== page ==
The Gates debuts at 10 p.m. Eastern tonight on ABC.
A couple of years ago, a friend of mine and I would often rib another friend of ours who was in the incipient stages of the vampire fever that would grip this fair nation of ours soon thereafter by saying that vampires were soon to be added to all of her favorite shows. "Don't worry," we would say. "On this season of House, the hospital is overrun by vampires!" or "This season on Desperate Housewives, Wisteria Lane becomes the home to a nest of vampires." Now, these jokes were potentially a little cruel and not very funny, but a big reason they no longer seem funny is because network television really has become a world where vampires can be tossed into any old premise to make viewers pay attention. True Blood is Dynasty with vampires. The Vampire Diaries is Dawson's Creek with vampires. Both are big hits, particularly for their networks.
So ABC, home of still-successful Desperate Housewives, is banking much of its summer strategy on a show that is, indeed, pretty much Desperate Housewives with vampires (and other things, but the vampires are what's spoiled in the promos and what I'll spoil here). It comes from Richard Hatem, he of the dark, underrated early '00s one-season wonder Miracles, and for a show that seems like it should be camptastic, it takes its premise surprisingly seriously. Not everything on the show works, but there are the elements here for a show that could be a good time. However, ABC has only shown critics the clumsy pilot (they let us see more of Happy Town!), which often indicates that later episodes just aren't as good. If that's the case, proceed with supreme caution.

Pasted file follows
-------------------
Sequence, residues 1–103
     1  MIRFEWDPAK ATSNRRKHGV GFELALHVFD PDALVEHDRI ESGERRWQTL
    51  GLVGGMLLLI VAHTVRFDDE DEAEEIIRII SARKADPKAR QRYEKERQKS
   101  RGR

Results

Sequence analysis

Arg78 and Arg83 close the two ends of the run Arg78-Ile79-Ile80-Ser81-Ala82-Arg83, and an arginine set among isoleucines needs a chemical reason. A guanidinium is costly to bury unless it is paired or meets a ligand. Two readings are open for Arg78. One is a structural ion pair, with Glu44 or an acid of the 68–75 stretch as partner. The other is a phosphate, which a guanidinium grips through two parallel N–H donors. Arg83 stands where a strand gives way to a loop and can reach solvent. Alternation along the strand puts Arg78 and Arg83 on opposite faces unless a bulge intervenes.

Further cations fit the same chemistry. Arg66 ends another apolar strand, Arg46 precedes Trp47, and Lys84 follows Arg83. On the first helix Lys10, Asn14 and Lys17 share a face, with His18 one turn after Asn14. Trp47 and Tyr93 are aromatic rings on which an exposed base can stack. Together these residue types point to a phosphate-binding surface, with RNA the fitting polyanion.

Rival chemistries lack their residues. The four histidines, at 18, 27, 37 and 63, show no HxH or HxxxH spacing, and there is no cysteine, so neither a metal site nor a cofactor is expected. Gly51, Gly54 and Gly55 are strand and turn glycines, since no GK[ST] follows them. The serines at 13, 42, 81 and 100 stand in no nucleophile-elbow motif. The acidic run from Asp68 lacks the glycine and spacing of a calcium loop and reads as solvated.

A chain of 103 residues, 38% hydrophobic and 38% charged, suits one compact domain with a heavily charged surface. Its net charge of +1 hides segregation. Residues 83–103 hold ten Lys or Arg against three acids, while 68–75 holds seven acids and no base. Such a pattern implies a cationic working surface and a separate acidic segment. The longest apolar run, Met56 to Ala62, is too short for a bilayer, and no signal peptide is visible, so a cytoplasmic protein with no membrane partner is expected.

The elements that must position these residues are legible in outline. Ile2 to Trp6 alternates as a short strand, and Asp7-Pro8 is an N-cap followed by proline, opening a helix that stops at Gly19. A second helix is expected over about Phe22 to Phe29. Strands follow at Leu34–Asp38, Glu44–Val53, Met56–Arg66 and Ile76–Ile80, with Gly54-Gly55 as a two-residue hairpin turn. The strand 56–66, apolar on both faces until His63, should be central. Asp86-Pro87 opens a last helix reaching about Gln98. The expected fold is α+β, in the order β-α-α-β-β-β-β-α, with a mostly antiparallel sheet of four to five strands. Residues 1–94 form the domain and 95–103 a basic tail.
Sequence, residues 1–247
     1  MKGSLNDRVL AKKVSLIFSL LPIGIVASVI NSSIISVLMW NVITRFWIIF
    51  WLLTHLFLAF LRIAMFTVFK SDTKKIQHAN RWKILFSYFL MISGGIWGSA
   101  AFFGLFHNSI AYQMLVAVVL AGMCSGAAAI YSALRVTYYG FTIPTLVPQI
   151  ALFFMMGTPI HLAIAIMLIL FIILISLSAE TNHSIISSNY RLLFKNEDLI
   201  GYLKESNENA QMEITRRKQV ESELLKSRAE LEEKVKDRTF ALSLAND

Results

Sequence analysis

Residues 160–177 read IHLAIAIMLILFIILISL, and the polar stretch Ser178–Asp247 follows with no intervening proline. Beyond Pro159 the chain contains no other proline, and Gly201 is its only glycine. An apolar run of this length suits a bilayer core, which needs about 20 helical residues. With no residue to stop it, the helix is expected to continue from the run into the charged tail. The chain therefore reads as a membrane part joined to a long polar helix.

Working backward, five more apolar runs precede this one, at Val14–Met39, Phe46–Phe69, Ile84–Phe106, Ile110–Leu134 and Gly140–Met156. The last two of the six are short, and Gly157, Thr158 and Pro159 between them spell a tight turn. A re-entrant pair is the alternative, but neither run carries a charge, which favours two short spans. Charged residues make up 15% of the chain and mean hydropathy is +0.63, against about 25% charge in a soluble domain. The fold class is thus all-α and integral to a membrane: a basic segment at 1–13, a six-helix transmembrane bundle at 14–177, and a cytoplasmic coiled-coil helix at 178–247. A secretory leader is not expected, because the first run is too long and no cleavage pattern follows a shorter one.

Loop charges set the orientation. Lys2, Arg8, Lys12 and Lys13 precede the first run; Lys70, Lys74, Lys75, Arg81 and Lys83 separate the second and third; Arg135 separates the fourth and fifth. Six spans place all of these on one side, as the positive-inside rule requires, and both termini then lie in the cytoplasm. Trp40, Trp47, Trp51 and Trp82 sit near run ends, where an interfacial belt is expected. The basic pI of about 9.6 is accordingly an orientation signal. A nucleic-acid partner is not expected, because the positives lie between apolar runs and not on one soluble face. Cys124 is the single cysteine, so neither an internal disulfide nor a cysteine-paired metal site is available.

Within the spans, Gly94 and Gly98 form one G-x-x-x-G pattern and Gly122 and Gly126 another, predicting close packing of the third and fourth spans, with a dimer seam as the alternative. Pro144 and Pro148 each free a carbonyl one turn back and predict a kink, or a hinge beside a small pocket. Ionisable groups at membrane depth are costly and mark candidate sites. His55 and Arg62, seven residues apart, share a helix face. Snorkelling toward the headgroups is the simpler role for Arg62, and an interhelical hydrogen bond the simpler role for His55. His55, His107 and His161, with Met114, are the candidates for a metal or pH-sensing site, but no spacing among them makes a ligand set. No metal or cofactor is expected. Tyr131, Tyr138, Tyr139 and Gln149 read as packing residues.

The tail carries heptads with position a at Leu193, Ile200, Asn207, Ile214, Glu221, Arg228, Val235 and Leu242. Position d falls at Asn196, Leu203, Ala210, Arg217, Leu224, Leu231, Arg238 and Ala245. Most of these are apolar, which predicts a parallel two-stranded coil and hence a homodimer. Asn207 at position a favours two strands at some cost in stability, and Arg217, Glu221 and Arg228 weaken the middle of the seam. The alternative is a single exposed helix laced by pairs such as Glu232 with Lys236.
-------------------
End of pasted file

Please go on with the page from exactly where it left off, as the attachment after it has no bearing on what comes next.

The Gates stems from a fairly interesting notion: What if a gated community had been constructed as much to keep whatever was within in as to keep whatever was outside out? This idea is directly stated by the protagonist's son in the first ten minutes of the pilot for no real reason (it's not immediately clear why this kid would be thinking this), but as a theme for a dark primetime soap, it's a nifty notion. Similarly, the pilot opens with a rather slow-moving sequence that becomes quite a lot of fun, where a vampire tricks the man who's destroyed her mailbox with his truck to come into her lair, where she drains his blood into one of those perfect, porcelain sinks, taking special care to make sure the stopper's in the drain. It's one of those perfect images that sums up what the show is going to be in a shot or two, and I wish the pilot had just gone off to the races from there.
Instead, Hatem (and co-creator Grant Scharbo) decide to take a rather leisurely, pilot-esque approach to what happens next. We've met the monsters of The Gates (also, apparently, the name of the community), so now we need to meet our hero. And keep meeting him. And keep meeting him. The next 20 minutes or so are spent following around the town's new chief of police, Nick (Frank Grillo), as he first comes to The Gates and then comes to find himself discovering curious question after curious question. Just what happened to the old police chief? What is up with these weird folks who had a man seemingly disappear inside of their house yesterday? And just what might be the dark secret in Nick's past (this being a dark soap, he's contractually obligated to have one)?